Larry Osborne has been the senior pastor of North Coast Church since 1980, and since that time the congregation has grown from 128 in a single worship service to 9500 people meeting at different times and places over the course of a weekend. That represents significant innovation over the years, yet Dr. Osborne says that Innovation’s Dirty Little Secret is that “most innovations fail” (page 17).
With this confession, he goes on to talk about various strategies that support innovation—like encouraging younger leaders, being flexible, planning in pencil, being willing to experiment instead of changing things immediately. I’m in a very different setting and haven’t been pastoring for nearly as long, but as I consider my own congregation, I can identify with many of these same strategies that encourage creativity and innovation. As Dr. Osborne predicts early in his book, I found affirmation for some of my own experiences and thinking about leading change (page 26).
I also found some new ideas, particularly in chapter #15, “When You’ve Hit the Wall.” Some might say that the church in general has hit the wall in North America with declining membership and a less central role in society than it once enjoyed. Dr. Osborne’s comments here might well apply (pages 119-120):
What used to work well no longer works so well—or it no longer works at all. . . . Hitting this wall can usually be traced back to one of three things: (1) we’ve outgrown our leadership skills, (2) our organization has outgrown its structures, or (3) we’ve been blindsided by a cultural shift we never saw coming.
As part of a Future Directions Task Force for my denomination, we’ve been thinking a lot about #3 and what God is calling us to in the midst of a changing cultural reality for the church in Canada, and together we’re beginning to work at #2, what kind of structures are needed for the church to thrive and grow. But what about #1—what leadership skills are needed, and how do we best equip our leaders? If Dr. Osborne is right, we need to pay attention to that as well.
Further, he says:
The fact is, nothing grows and multiplies forever. The idea that healthy things do is a silly myth.
Those who buy into the myth of endless multiplication and growth think that it’s an idea supported by God’s creation. But it isn’t. There is nothing in the biological world that supports the idea that healthy things endlessly multiply and grow. In fact, the created order teaches quite the opposite. Only the lowest forms of life continually multiply and grow during their entire lifetime. The higher you move up the food chain, the shorter the period of multiplication and growth.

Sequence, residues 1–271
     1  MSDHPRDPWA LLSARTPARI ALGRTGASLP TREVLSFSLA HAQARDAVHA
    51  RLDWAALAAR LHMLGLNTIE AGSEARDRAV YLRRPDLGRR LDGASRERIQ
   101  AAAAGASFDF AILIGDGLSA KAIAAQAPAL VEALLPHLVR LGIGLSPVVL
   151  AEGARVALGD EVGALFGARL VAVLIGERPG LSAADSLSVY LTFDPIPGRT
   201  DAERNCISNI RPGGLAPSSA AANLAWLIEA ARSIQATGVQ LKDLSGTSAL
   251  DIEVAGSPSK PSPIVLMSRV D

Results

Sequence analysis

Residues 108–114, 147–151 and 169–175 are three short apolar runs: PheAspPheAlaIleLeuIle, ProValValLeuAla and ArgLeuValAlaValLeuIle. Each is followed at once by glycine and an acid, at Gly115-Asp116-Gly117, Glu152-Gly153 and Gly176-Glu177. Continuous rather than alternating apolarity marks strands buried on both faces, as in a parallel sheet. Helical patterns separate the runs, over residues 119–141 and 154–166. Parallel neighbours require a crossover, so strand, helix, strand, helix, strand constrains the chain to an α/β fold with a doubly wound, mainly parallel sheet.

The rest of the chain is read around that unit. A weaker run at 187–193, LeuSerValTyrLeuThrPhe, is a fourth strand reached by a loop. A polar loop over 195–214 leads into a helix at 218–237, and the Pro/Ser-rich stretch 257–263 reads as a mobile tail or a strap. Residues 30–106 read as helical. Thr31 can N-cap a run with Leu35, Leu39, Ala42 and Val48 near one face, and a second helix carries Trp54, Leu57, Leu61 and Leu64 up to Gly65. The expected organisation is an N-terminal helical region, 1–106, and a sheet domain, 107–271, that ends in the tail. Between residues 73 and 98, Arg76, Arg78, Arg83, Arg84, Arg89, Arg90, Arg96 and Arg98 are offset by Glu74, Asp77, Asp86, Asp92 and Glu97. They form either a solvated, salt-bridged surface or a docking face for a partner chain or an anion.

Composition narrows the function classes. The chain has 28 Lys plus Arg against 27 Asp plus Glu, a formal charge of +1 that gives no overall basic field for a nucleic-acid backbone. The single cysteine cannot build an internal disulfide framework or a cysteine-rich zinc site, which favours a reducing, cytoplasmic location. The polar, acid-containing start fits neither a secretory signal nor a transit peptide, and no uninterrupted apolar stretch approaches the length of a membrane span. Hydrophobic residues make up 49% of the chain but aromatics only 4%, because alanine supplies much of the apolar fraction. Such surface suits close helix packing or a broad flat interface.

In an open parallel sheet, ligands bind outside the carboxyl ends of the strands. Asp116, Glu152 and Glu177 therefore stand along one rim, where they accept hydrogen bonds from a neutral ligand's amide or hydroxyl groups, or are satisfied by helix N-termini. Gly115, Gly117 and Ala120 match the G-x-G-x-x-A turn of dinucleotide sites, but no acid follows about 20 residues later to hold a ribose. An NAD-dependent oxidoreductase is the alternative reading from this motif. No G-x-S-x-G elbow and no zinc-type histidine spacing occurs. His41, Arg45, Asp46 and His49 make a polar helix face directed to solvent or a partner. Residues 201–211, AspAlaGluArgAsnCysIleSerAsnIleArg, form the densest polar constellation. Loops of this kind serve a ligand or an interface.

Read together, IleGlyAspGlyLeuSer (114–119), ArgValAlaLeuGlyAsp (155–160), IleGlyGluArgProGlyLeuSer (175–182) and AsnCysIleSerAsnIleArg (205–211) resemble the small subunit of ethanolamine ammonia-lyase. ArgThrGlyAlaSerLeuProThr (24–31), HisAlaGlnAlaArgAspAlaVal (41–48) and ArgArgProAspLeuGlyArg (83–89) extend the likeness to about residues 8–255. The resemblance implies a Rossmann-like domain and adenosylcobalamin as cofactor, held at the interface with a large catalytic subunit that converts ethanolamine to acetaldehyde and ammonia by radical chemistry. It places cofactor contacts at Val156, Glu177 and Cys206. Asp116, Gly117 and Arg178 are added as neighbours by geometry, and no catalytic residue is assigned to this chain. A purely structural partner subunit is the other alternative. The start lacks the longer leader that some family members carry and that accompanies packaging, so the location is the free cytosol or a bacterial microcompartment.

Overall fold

The popular idea that healthy churches and businesses will multiply and grow forever is hogwash. Healthy, living things grow to a size determined by their DNA and environment. Some grow to become ants, some elephants. But once they reach their predetermined size, they spend all their energy sustaining what they’ve become. They don’t keep growing larger.
The only way they grow beyond their predetermined size is with steroids.
I’ve often heard it said that a healthy church is a growing church–after all, in the book of Acts, thousands of people joined the church in a single day. And I’m thankful that my own congregation has continued to grow from the original 40+ founding members to 270+ today.
But I’ve often wondered, is a healthy church always a church that’s growing numerically? What about churches in areas of declining population? What about growth in faith and in all of the fruit of the Spirit, growth in missional identity and living? Is Dr. Osborne right that the size of a church or church denomination is (pre-)determined by their particular DNA and environment, and how might that change the way we think about church growth?
This book has reinforced some things for me, and given me plenty to think about for my own leadership and congregation, as well as for the church at large. It’s an engaging read with many stories and practical examples for anyone interested in innovation and change particularly in a church setting.
Disclosure: I received this book free of charge from Zondervan and Cross Focused Reviews in exchange for an honest review.
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3 thoughts on “Innovation, Change, and Growth”
I’m certainly not a pastoral expert, but much of the growth my church was able to experience was due in large part to being willing to undergo “pruning” — within ourselves, among each other, and in relation to the world. Unless the church, and church folks, are willing to let something die, how can we be resurrected?
ah yes, God is the great gardener, and “every branch that bears fruit he prunes to make it bear more fruit” (John 15:2). Thanks for your comment.